Brain Tumors

The body is made up of many types of cells. Each type of cell has special functions. Most cells in the body grow and then divide in an orderly way to form new cells as they are needed to keep the body healthy and working properly. When cells lose the ability to control their growth, they divide too often and without any order. The extra cells form a mass of tissue called a tumor. Tumors are benign or malignant.

  • Benign brain tumors do not contain cancer cells. Usually these tumors can be removed, and they are not likely to recur. Benign brain tumors have clear borders. Although they do not invade nearby tissue, they can press on sensitive areas of the brain and cause symptoms.
  • Malignant brain tumors contain cancer cells. They interfere with vital functions and are life threatening. Malignant brain tumors are likely to grow rapidly and crowd or invade the tissue around them. Like a plant, these tumors may put out "roots" that grow into healthy brain tissue. If a malignant tumor remains compact and does not have roots, it is said to be encapsulated. When an otherwise benign tumor is located in a vital area of the brain and interferes with vital functions, it may be considered malignant (even though it contains no cancer cells).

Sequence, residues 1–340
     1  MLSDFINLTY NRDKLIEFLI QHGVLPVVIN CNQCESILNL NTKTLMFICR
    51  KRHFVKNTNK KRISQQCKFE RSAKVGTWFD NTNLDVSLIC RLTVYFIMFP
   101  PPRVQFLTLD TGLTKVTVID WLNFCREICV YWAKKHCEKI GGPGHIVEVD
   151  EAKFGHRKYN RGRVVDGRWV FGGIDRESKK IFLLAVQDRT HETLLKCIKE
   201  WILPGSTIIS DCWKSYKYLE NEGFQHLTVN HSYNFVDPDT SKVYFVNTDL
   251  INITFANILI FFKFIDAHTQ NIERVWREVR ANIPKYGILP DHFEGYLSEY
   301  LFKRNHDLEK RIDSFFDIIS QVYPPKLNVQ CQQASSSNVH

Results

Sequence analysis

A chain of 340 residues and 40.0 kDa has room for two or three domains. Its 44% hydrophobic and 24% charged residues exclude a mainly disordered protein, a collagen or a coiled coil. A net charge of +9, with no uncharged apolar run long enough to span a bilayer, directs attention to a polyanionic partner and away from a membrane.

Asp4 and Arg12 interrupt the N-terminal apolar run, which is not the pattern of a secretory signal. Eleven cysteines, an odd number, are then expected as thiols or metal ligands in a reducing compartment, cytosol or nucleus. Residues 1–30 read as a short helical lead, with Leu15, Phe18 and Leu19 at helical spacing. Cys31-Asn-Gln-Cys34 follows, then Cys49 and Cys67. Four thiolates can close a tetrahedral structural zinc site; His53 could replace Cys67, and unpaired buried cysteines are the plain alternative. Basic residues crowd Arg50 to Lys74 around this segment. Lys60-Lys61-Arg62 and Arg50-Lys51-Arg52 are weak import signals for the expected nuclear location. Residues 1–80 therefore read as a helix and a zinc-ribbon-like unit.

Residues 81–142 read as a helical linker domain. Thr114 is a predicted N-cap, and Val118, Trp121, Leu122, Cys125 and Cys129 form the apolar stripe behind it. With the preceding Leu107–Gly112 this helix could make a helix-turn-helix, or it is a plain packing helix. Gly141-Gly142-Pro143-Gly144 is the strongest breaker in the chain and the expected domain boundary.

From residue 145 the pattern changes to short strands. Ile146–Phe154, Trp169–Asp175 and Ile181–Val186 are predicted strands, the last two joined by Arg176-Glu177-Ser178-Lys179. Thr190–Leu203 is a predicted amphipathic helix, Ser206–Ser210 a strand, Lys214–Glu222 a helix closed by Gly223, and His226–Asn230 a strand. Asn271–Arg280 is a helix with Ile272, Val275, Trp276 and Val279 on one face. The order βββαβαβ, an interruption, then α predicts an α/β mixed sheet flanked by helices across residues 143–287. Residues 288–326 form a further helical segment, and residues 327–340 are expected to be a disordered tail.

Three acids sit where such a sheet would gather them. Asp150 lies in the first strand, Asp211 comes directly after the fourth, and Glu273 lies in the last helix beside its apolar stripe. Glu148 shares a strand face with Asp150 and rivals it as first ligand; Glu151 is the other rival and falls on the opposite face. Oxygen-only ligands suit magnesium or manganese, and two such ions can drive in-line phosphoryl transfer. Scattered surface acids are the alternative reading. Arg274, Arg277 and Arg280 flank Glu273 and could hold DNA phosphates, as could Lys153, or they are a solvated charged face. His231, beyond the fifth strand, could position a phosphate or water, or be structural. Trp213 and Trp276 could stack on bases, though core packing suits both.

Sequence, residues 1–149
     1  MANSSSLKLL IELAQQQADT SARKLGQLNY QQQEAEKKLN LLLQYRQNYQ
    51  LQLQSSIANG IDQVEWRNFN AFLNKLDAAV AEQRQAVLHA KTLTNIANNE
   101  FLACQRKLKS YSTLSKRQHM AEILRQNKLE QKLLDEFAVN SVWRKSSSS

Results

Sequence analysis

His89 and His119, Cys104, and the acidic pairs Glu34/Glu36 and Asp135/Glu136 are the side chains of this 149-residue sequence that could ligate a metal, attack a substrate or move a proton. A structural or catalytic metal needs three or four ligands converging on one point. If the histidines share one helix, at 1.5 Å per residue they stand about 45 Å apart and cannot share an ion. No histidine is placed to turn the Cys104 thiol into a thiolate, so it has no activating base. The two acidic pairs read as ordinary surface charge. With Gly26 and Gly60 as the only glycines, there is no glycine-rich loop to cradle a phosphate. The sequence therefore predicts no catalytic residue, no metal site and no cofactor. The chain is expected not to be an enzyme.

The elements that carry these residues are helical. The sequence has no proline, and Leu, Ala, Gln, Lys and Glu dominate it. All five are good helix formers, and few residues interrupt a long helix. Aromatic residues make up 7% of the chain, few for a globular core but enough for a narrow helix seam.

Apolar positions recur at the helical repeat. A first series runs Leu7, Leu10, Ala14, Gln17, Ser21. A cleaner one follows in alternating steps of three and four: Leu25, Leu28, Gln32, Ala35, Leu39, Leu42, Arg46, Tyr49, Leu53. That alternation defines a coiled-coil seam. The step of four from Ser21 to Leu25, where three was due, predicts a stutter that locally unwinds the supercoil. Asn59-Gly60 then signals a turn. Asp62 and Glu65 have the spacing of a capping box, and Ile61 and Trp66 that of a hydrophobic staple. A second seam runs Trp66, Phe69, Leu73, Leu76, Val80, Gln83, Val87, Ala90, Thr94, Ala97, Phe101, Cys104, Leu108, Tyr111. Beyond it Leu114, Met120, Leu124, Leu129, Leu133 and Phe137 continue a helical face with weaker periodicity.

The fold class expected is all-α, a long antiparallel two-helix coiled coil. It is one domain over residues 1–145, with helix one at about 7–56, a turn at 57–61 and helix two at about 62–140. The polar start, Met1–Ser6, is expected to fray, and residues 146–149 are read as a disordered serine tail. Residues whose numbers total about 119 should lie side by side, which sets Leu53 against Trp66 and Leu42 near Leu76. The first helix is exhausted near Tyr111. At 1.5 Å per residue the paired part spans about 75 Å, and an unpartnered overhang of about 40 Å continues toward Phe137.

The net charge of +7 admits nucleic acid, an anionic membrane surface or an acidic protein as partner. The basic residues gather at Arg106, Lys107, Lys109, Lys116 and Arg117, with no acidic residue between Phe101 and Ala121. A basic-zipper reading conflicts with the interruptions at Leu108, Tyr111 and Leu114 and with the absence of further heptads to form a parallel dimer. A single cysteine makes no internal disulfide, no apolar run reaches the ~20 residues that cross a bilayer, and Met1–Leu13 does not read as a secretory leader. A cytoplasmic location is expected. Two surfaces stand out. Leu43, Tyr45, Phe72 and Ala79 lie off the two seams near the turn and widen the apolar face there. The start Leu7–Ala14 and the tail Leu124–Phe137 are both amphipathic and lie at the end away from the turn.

Doctors refer to some brain tumors by grade-from low grade (grade I) to high grade (grade IV). The grade of a tumor refers to the way the cells look under a microscope. Cells from higher grade tumors are more abnormal looking and generally grow faster than cells from lower grade tumors; higher grade tumors are more malignant than lower grade tumors.


The causes of brain tumors are not known. Researchers are trying to solve this problem. Thc more they can find out about the causes of brain tumors, the better the chances of finding ways to prevent them. Doctors cannot explain why one person gets a brain tumor and another doesn't, but they do know that no one can "catch" a brain tumor from another person. Brain tumors are not contagious.

Although brain tumors can occur at any age, studies show that they are most common in two age groups. The first group is children 3 to 12 years old; the second is adults 40 to 70 years old.

By studying large numbers of patients, researchers have found certain risk factors that increase a person's chance of developing a brain tumor. People with these risk factors have a higher-than-average risk of getting a brain tumor. For example, studies show that some types of brain tumors are more frequent among workers in certain industries, such as oil refining, rubber manufacturing, and drug manufacturing. Other studies have shown that chemists and embalmers have a higher incidence of brain tumors. Researchers also are looking at exposure to viruses as a possible cause. Because brain tumors sometimes occur in several members of the same family, researchers are studying families with a history of brain tumors to see whether heredity is a cause. At this time, scientists do not believe that head injuries cause brain tumors to develop.

In most cases, patients with a brain tumor have no clear risk factors. The disease is probably the result of several factors acting together.